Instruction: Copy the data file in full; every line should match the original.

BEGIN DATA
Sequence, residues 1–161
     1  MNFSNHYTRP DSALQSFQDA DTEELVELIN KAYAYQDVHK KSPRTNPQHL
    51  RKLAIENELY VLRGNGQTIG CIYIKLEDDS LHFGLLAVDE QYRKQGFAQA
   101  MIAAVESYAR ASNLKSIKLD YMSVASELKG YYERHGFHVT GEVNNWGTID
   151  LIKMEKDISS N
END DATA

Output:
Sequence, residues 1–161
     1  MNFSNHYTRP DSALQSFQDA DTEELVELIN KAYAYQDVHK KSPRTNPQHL
    51  RKLAIENELY VLRGNGQTIG CIYIKLEDDS LHFGLLAVDE QYRKQGFAQA
   101  MIAAVESYAR ASNLKSIKLD YMSVASELKG YYERHGFHVT GEVNNWGTID
   151  LIKMEKDISS N